Cook time: 30 minutes. Ready to eat in an hour and fifteen.

Ingredients:

  • 4 stalks of Rhubarb
  • 3/4 cup of sugar
  • 1/4 cup water
  • 1/4 cup orange juice
  • 1 peach.

1. In a large sauce pan, cook the ingredients over medium heat for thirty minutes. I used a paring knife to peel a peach and added that as well (after I diced it).† Stir occasionally at the onset, but, gradually, stirring becomes more necessary. During the last ten minutes, the jam will probably require constant stirring to prevent sticking and the formation of dangerous bubbles. If the bubbles start spewing molten-hot sugar in the air, please turn down the heat for your own safety.

2. It is done when you can scrape the bottom of the pan and actually see the bottom. Also, take a heaping spoonful of the jam; if it falls to the bottom in one stream, it’s ready. Mine fell in a couple globs, but it looked spreadable and it continued to set in the fridge. Refrigerate for at least 45 minutes♣.

The jam came out perfectly. It had a great consistency for only 30 minutes of cooking. Although it had no smell for some reason, it tasted fantastic, despite the fact that most things with this much sugar taste great. I would have never known that this was Rhubarb!

† You may also throw the peach in boiling water for 1 minute. this should make the skin come off with ease. Be sure to remove the pit! I added the peach because peaches have more pectin than rhubarb does. Pectin is a type of carbohydrate found in the cell walls of certain fruits. Fruits like apples and peaches have lots of pectin. Some fruits require the addition of Pectin to make a proper jam. You can find Pectin in some stores.

♣ you can store your jam in a glass jar. I filled a 6 oz jar. They are very cheap at Walmart!

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This salad was the second appetizer in our Sophisticated Soirée. I founds the combination of goat cheese, honey and thyme in another recipe. I decided to use the flavors in my own appetizer, involving puff pastry. This recipe couldn’t be easier and it apparently even sounds good when spoken. I guess titles are important parts of Dishes. I could have called them Cheesy Honey and Herb Pastry Discs. I guess that sounds a little less enticing.

  • I bought pre-made puff pastry. It came in a package of two. Allow it to thaw (it comes frozen) for 10 to 15 minutes or until it becomes malleable. Roll it with a rolling pin, on a well-floured surface, until it is even. I bought spreadable goat cheese that came in a fist-sized container and slathered it on. I suggest buying another container for two sheets of puff pastry.
  • Slather on a generous layer, covering the entire sheet. Drizzle liberally with honey and sprinkle with thyme leaves. Roll the puff pastry, forming a log, and chill in the freezer for 10 minutes.
  • Remove it from the freezer and cut into 1/2 inch slices. Let the slices sit for about ten minutes and preheat the oven on 375°. Cook until golden brown and puffy. Try one. If it’s doughy, keep it in longer.

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Eating panini should never be constrained solely to modern bistros or up-scale sandwich shops. Forget the expensive machines; panini can be created in the kitchen. I decided to jazz up your average lunch-time turkey sandwich. I made mine with sliced italian bread, a pesto-mayo, turkey, swiss cheese, tomato, and basil. Just butter a hot pan and press with a spatula or another pan. I physically “press” the sandwich, but some choose to use a brick to weigh down the pan on top of the sandwich. Same taste as the fancy machines, but you have to flip it and there are no grill marks. Here are tips on becoming a seasoned paninaro:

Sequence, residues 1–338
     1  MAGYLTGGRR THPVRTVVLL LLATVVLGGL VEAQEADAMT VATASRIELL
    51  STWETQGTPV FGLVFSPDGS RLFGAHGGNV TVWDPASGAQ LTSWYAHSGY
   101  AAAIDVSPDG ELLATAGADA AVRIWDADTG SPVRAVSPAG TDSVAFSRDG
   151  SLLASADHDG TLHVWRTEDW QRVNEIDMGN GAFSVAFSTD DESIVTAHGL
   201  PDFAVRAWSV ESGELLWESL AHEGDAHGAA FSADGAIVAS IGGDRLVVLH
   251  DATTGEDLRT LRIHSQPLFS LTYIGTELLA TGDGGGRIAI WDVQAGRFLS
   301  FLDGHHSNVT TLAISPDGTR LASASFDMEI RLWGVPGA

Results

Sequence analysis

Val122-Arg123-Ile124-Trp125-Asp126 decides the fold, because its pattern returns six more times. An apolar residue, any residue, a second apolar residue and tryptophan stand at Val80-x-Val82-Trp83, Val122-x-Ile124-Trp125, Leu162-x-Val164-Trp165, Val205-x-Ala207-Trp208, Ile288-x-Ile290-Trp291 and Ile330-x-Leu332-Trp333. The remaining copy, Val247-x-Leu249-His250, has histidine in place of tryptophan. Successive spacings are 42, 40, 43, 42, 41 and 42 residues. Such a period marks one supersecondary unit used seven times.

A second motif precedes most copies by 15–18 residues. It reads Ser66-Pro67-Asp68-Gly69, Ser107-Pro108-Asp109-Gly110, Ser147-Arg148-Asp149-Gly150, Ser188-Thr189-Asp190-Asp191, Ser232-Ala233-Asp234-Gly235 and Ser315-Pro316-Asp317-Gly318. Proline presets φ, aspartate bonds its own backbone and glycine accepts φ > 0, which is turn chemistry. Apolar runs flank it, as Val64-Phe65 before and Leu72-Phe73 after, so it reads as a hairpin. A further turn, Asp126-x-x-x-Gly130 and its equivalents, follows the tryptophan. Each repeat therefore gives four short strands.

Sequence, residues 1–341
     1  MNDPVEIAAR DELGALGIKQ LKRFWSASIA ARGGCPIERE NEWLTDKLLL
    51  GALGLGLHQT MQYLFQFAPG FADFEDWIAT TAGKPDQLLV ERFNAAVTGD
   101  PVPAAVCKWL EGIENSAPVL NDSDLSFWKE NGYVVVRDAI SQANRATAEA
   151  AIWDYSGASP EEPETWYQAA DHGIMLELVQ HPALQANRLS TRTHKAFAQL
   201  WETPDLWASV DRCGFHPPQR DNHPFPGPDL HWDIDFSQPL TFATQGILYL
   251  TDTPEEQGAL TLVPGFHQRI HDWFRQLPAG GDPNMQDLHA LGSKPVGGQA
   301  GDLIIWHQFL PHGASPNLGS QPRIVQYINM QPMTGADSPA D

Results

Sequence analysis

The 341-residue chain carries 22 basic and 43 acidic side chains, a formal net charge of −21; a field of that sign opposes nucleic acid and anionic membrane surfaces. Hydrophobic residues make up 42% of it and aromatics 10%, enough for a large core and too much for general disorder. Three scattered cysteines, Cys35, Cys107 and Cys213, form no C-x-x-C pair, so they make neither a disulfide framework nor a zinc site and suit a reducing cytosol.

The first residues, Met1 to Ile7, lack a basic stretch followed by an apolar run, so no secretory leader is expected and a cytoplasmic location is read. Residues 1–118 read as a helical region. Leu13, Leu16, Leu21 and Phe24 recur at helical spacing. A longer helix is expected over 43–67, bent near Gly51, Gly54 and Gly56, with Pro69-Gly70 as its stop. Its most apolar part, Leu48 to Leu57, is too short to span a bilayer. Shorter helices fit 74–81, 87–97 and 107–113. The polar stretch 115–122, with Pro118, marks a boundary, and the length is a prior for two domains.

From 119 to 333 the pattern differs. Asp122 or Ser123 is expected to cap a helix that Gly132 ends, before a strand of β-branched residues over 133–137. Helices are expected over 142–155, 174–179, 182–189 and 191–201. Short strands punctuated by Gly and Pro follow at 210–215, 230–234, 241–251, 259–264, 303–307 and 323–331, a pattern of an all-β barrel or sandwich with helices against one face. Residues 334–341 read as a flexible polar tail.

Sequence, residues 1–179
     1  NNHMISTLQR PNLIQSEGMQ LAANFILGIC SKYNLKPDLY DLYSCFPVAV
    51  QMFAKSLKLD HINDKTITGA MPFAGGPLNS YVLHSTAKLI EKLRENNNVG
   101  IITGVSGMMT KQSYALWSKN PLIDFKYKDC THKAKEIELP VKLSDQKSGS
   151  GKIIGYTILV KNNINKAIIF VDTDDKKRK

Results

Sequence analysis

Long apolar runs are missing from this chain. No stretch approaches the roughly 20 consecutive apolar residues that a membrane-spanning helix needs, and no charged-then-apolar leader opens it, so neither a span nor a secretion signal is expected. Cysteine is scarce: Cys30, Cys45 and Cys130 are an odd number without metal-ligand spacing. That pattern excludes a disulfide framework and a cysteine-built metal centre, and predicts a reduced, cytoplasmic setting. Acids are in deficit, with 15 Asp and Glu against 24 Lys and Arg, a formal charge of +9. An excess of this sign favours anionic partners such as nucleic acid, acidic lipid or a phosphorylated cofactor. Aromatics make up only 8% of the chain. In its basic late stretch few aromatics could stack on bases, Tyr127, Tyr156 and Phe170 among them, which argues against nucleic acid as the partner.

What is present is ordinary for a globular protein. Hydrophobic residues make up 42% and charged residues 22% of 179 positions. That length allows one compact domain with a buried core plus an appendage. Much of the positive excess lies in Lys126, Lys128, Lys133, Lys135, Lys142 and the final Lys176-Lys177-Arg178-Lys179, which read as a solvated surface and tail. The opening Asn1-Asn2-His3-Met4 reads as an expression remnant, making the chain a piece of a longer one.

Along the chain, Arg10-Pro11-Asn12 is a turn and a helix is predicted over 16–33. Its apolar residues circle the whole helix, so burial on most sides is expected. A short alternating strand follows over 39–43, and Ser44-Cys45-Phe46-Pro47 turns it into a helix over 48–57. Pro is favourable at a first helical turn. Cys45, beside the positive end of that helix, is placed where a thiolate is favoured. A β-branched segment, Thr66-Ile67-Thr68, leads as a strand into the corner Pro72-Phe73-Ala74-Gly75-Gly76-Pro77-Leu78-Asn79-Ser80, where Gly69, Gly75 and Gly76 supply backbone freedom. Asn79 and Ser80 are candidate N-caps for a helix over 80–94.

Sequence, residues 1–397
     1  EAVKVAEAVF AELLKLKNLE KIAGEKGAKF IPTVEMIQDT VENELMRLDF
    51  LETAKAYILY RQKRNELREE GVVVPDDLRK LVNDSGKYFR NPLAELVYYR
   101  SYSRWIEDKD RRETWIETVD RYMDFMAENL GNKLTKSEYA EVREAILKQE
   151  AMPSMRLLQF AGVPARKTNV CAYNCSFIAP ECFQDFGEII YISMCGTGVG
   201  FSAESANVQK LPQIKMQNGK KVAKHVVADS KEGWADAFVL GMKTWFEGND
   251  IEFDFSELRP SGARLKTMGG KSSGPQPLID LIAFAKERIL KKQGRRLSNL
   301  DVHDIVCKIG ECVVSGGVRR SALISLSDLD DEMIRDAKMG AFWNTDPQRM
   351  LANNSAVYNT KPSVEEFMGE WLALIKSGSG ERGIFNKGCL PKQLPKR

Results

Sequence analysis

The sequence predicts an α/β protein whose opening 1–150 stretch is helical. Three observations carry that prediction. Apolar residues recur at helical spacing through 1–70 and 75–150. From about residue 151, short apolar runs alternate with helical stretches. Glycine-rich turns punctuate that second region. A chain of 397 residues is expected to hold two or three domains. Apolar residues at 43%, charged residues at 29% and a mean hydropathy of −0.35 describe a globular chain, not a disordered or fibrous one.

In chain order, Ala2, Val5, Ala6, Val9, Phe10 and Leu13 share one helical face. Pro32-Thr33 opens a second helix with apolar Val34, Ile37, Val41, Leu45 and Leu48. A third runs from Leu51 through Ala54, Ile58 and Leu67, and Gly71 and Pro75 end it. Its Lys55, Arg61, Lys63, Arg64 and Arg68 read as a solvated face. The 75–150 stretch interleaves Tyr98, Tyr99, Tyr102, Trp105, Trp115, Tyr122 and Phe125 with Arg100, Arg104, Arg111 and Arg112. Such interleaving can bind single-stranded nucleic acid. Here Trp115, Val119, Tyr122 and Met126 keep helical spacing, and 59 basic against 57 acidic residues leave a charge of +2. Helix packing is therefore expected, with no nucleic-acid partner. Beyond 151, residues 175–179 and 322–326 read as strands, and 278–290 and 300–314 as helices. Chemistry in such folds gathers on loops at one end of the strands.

BREAD: Some think the bread is the most important part. I have no counter rebuttal.

  • Heavy and flavorful breads work best. Ciabatta and focaccia are classics, but italian bread, sourdough, and semolina are great. Pick a bread that is naturally flat (or cut it) to promote even cooking. Pick something that is hearty enough to withstand the pressing (white bread will be mushy and nonexistent. Anything with herbs in it will give plenty of added flavor.

Meat: What you will

  • prosciutto Di Parma, genoa salami, chicken, turkey, ham, soppressata

Cheese: Anything that melts well

  • Taleggio cheese, brie, mozzarella, fontina, Gruyere, Ementhaler

Condiments: Doesn’t have to be italian

  • pesto, mayo, herb mayo, mustard, olive tapenade, chipotle mayo

toppings: Experiment

  • basil, roasted red peppers, artichoke hearts, red onions, tomatoes, portobello mushrooms,

Sweet: panini make great desserts

  • Try bananas and nutella. After it’s finished, coat in sugar and cinnamon.
  • Try fruits and cheeses together like Apples and brie, taleggio and pear, prosciutto and melon (I know it’s a meat), turkey and cranberry
  • Add jam or preserves to any cheese panini. You’ll be amazed.

Order: This is highly debated. If you ask me, it’s:

  • Bread-condiment-meat-cheese-topping-condiment-bread.

This way, the bread gets extra flavor and moisture. The cheese bind the whole sandwich together too. Try placing tomatoes away from the heat source (most agree on this). Stay away from lettuce on a panini (wilted lettuce is by no means tasty). Try spinach or arugula if you want some green.

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I wanted to make a side dish for penne vodka. We had tons of mini sweet peppers, so I decided to stuff them. I tried to stay with the Italian theme. The peppers are sweet and soft, while the filling remains moist with the subtle flavors of wine, mushrooms, and onions. They’re light and healthy to boot.

Ingredients:

  • 1 cup minced white onions (about half a large onion)
  • 1 cup minced baby bella mushrooms (buttons are good alternatives)